Matt: “I don’t see us taking the COVID situation directly as an influence. Even right now, if you draw any influence from this record from the COVID thing, it’s purely coincidental.
We’re good every three or four years for a new album, we’ll have to see what’s going on in the crazy world then to see what kind of subject matter we’ll draw from. New record brings new subject matter. The world’s a crazy place. That’s not going anywhere.”

How would you compare a record like ‘Supremacy’ from as far back as 2006, which was a significant jump in quality for Hatebreed, to the new record.

Matt: “The intro, it’s I think it’s a perfect note to end an album with because it has all the elements. From start to finish of the album, you’re just getting pounded over the head. It’s a river, it’s fast. The album moves fast, it’s 35 minutes long, and you’re just getting pummeled from start to finish. So, “Invoking Dominance” is a good way to end the album because it’s layered. The way the song starts out with the intro. The guitars are very layered and thick, and they’re harmonizing with each other. It’s just a slow burn, the slow build of an intro before it really drops into the thrash part. It’s another example of us playing with song structures, new ideas, and stuff we haven’t tried on previous albums.”

So I know you said the biggest difference for this record is that there’s no touring cycle at the moment. Have you had any discussions about maybe pushing a new merch line out or doing a livestream concert?

Matt: “Well, small correction, there is touring in place. We are supposed to hit the road with Parkway drive in 2021. We begin in March/April in Europe. Now the question is, here we are in November, will that still stay in place? Will we be able to tour in promotion for the album with that tour, and then everything passes? I hope so. It’s it’s right now it’s on. We’ll see what happens. Fingers crossed that travel restrictions are lifted and all those crazy things that can really hinder you from hitting the road. If it doesn’t happen, that’s when we’re stuck and we have no promotion behind the record. 
We talked about virtual shows early on. I know a lot of bands out there have done them. They’ve had success with them. A lot of production behind it. It looks really cool. I don’t know for Hatebreed, I’m not sure. Never say never. We could go that route. Me personally, I think a virtual Hatebreed show, there’d be something lost. There’s so much audience participation that goes on with our shows, the “give back and forth” and everything between us and the crowd. That’s like 80% of our show maybe. Our audience is just such a big part of our show, I think there’s such a huge piece of our show that would be lost.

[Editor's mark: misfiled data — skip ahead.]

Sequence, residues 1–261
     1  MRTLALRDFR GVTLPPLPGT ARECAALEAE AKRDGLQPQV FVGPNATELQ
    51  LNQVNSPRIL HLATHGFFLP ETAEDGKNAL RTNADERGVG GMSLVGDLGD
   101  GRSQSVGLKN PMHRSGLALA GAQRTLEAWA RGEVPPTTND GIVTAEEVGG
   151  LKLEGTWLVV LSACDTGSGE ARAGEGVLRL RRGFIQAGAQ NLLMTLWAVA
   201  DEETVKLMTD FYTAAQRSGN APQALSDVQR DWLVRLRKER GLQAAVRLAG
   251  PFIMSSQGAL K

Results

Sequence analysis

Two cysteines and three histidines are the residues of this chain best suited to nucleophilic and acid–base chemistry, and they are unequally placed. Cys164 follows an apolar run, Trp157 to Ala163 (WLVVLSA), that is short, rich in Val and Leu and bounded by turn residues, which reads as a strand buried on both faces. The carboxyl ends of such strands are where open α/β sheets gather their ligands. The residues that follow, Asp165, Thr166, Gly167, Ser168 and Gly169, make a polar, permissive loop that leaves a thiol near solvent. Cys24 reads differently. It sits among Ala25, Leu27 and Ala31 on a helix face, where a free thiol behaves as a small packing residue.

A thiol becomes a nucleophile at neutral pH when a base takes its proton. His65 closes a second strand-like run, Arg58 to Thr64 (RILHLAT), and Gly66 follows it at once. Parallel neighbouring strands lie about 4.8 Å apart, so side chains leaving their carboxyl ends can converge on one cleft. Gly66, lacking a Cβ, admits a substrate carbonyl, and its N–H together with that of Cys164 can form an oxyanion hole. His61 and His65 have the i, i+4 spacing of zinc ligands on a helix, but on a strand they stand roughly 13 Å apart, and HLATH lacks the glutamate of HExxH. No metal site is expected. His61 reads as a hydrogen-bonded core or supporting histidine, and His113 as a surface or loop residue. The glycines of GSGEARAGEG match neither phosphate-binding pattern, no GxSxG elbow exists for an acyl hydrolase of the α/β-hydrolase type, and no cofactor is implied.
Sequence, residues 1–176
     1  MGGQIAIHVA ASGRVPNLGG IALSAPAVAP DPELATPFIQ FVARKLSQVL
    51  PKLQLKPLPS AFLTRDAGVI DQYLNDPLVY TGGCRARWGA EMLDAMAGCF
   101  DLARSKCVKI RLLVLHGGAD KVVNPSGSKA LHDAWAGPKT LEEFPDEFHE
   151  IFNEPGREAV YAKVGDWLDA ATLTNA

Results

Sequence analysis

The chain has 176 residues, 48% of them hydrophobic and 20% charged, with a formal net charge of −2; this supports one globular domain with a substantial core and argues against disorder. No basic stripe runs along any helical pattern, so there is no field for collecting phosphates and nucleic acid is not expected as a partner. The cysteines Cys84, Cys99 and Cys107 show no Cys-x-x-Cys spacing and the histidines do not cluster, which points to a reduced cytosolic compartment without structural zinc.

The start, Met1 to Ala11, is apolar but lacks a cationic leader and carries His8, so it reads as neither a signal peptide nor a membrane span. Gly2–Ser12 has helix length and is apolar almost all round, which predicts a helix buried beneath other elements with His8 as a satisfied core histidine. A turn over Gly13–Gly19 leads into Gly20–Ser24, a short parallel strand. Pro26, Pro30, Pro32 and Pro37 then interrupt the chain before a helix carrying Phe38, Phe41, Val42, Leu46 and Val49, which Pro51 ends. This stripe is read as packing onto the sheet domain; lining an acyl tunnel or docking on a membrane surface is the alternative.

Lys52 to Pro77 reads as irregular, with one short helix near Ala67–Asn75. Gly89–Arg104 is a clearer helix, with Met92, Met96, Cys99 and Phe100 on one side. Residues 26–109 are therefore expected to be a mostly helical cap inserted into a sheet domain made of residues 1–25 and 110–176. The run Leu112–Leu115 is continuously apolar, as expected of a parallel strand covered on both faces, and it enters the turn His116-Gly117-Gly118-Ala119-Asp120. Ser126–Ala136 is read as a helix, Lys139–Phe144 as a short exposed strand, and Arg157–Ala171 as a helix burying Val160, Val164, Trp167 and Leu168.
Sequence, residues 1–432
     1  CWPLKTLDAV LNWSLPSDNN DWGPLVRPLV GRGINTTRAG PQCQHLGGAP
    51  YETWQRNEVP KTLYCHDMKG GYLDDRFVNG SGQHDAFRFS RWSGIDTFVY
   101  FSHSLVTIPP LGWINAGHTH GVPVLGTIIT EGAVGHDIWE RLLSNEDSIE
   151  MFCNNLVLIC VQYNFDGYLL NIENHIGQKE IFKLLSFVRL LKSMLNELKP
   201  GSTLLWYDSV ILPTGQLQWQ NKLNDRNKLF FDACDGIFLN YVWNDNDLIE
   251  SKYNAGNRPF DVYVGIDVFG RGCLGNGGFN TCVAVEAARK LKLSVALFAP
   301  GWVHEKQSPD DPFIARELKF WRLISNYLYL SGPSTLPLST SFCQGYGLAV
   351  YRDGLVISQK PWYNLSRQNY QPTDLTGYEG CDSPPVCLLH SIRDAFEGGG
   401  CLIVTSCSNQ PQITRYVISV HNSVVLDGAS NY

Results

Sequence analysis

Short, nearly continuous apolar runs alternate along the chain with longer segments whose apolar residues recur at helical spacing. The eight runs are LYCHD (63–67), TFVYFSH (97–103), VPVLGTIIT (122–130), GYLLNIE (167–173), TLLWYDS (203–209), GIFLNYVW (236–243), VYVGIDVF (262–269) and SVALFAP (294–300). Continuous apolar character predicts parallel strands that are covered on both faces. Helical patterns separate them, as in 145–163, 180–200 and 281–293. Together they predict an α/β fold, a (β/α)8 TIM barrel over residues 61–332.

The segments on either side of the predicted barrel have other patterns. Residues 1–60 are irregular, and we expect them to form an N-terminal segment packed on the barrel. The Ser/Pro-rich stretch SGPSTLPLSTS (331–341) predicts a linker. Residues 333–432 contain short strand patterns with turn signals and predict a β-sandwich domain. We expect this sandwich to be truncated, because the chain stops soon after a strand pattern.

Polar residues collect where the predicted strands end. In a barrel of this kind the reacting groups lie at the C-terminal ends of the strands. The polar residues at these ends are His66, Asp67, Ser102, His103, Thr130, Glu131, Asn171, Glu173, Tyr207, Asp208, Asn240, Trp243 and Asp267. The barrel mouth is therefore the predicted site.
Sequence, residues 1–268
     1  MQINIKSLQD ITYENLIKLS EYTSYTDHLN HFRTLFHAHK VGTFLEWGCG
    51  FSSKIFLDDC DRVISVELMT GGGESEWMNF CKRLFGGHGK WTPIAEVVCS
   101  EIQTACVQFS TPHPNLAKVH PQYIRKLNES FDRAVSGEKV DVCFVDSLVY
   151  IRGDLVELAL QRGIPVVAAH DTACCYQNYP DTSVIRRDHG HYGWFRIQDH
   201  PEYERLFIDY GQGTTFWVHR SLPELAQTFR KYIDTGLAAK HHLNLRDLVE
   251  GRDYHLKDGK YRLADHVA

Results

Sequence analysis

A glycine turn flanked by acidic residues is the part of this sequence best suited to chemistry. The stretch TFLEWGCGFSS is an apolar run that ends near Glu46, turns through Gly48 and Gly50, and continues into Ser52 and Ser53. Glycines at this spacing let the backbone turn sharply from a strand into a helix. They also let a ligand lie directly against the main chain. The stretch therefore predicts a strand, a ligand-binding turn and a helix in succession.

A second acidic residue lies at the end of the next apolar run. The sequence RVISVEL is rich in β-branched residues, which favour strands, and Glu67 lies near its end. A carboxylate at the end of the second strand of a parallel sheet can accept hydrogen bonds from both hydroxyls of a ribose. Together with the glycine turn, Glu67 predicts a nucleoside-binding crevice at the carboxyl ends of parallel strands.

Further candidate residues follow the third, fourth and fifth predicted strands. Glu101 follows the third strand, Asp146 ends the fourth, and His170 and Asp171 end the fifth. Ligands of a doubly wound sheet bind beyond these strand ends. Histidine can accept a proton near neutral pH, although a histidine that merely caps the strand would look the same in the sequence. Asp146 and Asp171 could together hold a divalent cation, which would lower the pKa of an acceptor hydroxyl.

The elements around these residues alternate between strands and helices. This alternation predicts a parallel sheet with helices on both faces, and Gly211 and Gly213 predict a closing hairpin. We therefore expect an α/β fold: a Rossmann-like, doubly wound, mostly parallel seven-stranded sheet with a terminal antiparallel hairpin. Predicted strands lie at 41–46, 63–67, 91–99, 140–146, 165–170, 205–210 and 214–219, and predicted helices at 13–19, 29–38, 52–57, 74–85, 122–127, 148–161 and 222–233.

We have new merch out now. We’ve put out new shirts for this record. We also did a Hatebreed beer, breed brew, it’s called ‘Live For This Lager’. We did it with a brewery in southern Connecticut, Witch Doctor Brewing. They’re great guys easy to work with. We’ve since canned it and now we’re working on shipping.”

I can imagine you really stoked to get back out there on the road again. Listening to ‘Weight of the False Self’ all the way through, one of my questions was, do any of those tracks specifically stand out to you personally as, “Okay, open the set with this, this would be a good  changeover moment, and we could close the set with this”? Do you feel like this record has that capability to fill out the set pretty well?

Matt: “We’ve never used a setlist, it’s very improv on stage. We discuss what we’ll start with and what we’ll finish with and those are usually the staples. You’re never not going to hear us play “I Will Be Heard” or “Destroy Everything”. Some of these songs though on this record, over time, could take their place. There are several anthems on this.Take the title track; perfect crowd chanting lyrics and cadence. I think that’s going to become a staple in our set easily. We’ll just have to see what other songs fit best with the old stuff too once we get playing again.”

Whenever you guys make a new record, it’s definitely made for Hatebreed fans. At this point, you pretty much have a solid fan base, and you’ve done records like ‘Supremacy’ and the self titled that opened the fan base up. So my question is, with this record, ‘Weight of the False Self’’, and records forthcoming, is there ever that idea in mind that “okay, what what can we do to get new fans?” Or are you pretty much servicing the Hatebreed fans at this point?

Matt: “We’re definitely nurturing our identity and the sound we’ve created without letting it go stale, or without just regurgitating what we’ve already done. I don’t think we write anything specifically just to capture new fans. That would mean like, if next year or next two years, every band is doing a ballad that we would do a ballad. I don’t see that happening. We’re just not that band.
I think our fans as a whole, we’re a lifestyle band. Our fans get tattoos of the logo on them and the lyrics. They are wholeheartedly following us and waving the flag of Hatebreed, day in and day out. That type of thing is passed along to friends or family or a new generation of fans.
As far as gaining new fans, we’re not writing anything specifically to capture new fans, we just don’t function like that as a band. I think we just nurture a deep relationship with our fanbase to where it continues. It’s like a club, I guess. It’s a lifestyle thing amongst our fans. We just keep our material fresh without losing our identity.”

Thank you so much for your time and take care out there. ‘Weight of the False Self’ out on November 27.

Matthew Powers I write reviews for CaliberTV and enjoy the existence of music.